Where’s the best place to work, a startup or a multinational? This is one question that pops up all the time among students and recent graduates who are about to enter the employment jungle. There is no right answer: it depends on your needs and your aspirations.
So which one should you choose? What do you need to do to get where you want to be? Here are some key points to help you figure out the kind of questions you should be asking yourself.
1. Opportunities for development and in-house training
👍You can evolve quite quickly if you have a well-defined career plan. Large companies give their employees the opportunity to change jobs, branches and even countries, and to climb up through the ranks over time. There is also a wide range of in-house training available that enables the further development of skills.
👎Sometimes it can get a bit complicated if you want to prove yourself and get your ideas heard in a big, robust company structure. Seniority is usually worth more than talent. The goodwill of your line manager largely determines career development.
👍 “You live and learn.” At a startup, you learn everything on your own while you’re on the job. You get the chance to test out your ideas, challenge others and you will constantly have to rethink things. Your career progression, and whether new positions become available, is based on how successful the company becomes.
👎Being let loose in unchartered territory means you might discover your own limitations quite quickly. There is very little guidance, while processes and objectives can be a little unclear. You have to be prepared to take risks and deal with failure. Autonomy is not just considered a good personality trait, it will be part of your survival.
2. Level of responsibility
👍 You know exactly where you stand. Everything is divided, positions are customised and your role is clearly defined. After just a few years, you will probably be allowed to get involved in large-scale projects, be given substantial budgets to handle and an entire team to manage.
👎The group’s strategy and vision will remain in the hands of senior executives and management. You will rarely have the authority to make decisions about your career, your project or your own team.
👍 Often you work alone or part of a small team and have to pick things up pretty quickly. You will rarely get to stick to the job that you were hired to do and you have to be proactive and versatile. If your startup begins to thrive you will be able to reach a senior position quite swiftly.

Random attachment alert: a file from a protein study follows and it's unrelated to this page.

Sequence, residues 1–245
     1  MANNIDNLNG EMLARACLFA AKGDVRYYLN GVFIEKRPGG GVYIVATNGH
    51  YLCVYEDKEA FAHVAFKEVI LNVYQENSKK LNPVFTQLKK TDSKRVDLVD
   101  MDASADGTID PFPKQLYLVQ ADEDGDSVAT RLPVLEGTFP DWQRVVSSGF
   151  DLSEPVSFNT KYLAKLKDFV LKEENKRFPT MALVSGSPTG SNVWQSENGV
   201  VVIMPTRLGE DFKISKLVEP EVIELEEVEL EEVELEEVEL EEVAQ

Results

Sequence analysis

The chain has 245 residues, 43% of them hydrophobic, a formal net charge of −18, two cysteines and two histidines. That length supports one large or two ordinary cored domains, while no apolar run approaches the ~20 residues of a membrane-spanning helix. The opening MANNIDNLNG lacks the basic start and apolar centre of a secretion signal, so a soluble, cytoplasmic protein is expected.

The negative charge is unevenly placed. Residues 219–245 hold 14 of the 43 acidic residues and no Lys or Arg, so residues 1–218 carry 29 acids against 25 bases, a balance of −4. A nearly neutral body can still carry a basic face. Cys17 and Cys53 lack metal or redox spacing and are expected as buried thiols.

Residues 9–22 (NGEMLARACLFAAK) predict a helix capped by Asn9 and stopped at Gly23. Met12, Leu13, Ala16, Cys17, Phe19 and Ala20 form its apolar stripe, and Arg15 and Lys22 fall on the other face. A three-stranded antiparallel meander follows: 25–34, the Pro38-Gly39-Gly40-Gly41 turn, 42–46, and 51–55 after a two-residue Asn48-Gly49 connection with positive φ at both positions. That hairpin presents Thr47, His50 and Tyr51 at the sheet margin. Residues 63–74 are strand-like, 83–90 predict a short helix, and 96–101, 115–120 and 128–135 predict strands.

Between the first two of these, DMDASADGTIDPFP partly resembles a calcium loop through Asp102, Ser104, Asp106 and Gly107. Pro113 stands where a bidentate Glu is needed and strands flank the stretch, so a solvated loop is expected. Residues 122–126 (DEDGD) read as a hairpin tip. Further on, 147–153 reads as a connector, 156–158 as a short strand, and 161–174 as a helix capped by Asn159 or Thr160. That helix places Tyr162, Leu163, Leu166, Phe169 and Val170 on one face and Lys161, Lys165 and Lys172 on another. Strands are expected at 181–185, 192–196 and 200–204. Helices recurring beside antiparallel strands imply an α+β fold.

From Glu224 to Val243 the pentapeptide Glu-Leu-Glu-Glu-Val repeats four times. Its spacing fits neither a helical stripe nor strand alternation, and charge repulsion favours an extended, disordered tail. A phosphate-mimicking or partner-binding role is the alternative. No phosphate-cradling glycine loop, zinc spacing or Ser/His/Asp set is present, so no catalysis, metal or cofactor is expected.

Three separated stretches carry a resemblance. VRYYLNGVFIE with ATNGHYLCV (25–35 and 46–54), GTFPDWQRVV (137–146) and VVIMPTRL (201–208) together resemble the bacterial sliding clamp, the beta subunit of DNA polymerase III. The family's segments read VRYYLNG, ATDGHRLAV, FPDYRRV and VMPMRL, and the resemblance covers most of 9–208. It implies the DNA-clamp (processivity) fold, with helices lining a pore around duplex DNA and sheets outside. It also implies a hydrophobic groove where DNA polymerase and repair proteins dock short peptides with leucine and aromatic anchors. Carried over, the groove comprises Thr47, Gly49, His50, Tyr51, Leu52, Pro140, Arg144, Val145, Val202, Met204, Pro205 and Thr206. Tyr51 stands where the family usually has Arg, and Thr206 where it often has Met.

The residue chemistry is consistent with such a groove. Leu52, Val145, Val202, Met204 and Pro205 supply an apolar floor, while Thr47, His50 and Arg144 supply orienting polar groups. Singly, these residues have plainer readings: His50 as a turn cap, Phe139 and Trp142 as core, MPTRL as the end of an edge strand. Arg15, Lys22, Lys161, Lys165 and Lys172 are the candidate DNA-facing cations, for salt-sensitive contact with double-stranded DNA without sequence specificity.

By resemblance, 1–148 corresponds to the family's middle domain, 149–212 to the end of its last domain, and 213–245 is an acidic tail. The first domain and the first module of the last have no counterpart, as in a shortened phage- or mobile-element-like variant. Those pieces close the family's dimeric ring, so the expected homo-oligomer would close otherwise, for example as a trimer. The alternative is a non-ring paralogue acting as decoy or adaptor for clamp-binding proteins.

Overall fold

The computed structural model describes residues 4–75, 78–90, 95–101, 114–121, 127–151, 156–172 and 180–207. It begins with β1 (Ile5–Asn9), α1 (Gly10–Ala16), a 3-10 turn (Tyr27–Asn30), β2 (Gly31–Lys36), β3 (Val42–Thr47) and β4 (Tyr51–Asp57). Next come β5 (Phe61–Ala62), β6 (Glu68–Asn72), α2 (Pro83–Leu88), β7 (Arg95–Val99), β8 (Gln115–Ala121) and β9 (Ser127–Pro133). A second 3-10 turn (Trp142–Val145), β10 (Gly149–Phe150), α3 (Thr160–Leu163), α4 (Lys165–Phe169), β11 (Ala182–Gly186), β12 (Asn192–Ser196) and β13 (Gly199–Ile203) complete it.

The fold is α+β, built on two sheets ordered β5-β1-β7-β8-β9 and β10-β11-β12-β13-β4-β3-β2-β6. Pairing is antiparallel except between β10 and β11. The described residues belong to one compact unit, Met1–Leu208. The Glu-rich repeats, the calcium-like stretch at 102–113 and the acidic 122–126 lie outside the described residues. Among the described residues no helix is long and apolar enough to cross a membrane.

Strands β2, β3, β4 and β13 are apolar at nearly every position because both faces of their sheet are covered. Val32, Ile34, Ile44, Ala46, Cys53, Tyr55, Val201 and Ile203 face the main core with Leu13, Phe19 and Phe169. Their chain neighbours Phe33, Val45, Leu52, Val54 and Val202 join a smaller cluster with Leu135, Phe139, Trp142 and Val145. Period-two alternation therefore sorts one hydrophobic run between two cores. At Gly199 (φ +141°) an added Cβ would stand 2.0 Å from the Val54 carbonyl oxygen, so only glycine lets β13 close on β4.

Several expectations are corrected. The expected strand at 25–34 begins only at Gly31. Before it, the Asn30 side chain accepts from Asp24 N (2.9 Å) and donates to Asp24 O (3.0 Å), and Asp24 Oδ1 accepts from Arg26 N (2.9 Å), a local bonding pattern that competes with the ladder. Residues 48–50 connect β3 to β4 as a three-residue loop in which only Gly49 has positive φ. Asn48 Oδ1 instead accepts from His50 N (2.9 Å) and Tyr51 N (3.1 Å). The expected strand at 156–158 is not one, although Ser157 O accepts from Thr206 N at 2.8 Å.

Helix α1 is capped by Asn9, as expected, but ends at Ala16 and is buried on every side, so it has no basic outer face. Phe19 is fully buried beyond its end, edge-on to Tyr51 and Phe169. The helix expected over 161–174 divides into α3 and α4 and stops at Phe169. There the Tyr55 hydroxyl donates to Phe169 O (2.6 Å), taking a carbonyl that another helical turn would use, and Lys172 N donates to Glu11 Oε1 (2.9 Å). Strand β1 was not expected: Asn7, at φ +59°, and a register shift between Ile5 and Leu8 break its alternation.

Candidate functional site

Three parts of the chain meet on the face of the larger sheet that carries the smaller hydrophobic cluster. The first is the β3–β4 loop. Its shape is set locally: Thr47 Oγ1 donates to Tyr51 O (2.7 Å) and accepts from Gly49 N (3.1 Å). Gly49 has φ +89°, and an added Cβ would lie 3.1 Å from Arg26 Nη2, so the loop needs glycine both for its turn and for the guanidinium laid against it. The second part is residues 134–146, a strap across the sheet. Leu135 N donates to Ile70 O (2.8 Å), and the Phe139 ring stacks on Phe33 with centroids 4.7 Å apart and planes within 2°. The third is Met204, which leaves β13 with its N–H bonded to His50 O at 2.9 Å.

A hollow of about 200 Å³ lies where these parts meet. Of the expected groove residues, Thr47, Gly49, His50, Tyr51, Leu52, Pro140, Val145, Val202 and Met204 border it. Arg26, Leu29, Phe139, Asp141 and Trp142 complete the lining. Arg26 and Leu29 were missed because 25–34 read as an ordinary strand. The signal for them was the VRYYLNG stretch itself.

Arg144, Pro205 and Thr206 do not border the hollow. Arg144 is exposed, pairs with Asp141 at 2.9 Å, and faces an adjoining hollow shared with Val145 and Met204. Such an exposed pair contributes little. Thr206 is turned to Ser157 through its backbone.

👎 The pressure can be overwhelming. Your colleagues automatically trust you and won’t check your work. So you, and only you, are responsible for any successes—as well all the failures that you might come across, too.
3. Salary and perks
👍Starting salaries are generally higher. They come with other financial benefits such as a cooperative, an annual bonus equivalent to one month’s salary and so on. Large companies also offer collective benefits such as holiday vouchers, lunch vouchers or a concierge service.
👎 You often get locked into a well-defined pay structure that is based on your qualifications. Even the best negotiators have to play within that framework and so you will have to as well.
👍Personal involvement pays off. Startups can offer shares or stock options so you have a stake in the business. This could turn out to be a really good deal if things ever really take off and the company increases its equity.
👎 A startup is less financially blessed, so starting salaries are not great despite the need for considerable personal investment. Working at a startup means that you are signing up to something that might not work, therefore job security is far from guaranteed.
4. The atmosphere
👍Your days are pre-planned and there are schedules that you must stick to. Coffee breaks with colleagues are sacred. These will give you the opportunity to interact with a wide range of employees who might have been at the company or in their profession for a while. Seminars and team-building activities are a regular occurrence and will give you the chance to get to know your colleagues outside of work, without you having to merge your private life with your professional one.
👎A pronounced and obvious hierarchy remains. Consequently, you are expected to stay in your place. Relationships, dress codes—and all codes in general—are strict.
👍The word “tribe” completely makes sense and you feel part of a new family. You will be part of a collective adventure. A startup’s atmosphere is informal and hierarchy is minimal. Dress codes are relaxed, after-work drinks are a regular occurence and it is perfectly normal to play a table football match against your boss at lunchtime.
👎When your colleagues become friends, it can become a little difficult to separate your private life from your professional one. This will be an intense experience for everyone and you should expect to go through some emotional rollercoasters.
Fortunately, these types of companies are interacting more and more. More fluid company structures are starting to appear: some startups are being supported, financially and otherwise, by major groups, or included in incubation programmes, while larger companies are adopting a more relaxed, startup atmosphere and so on. This goes to show that they are trying to address their flaws and combine all the perks.
The most important point to think about is which environment will enable you to achieve your goals. Do you want to constantly evolve or progress in a structured environment that will allow you to move forward methodically? The right answer is based on your personality, the way you work and your needs. So place your bets now!
Translated by Mildred Dauvin
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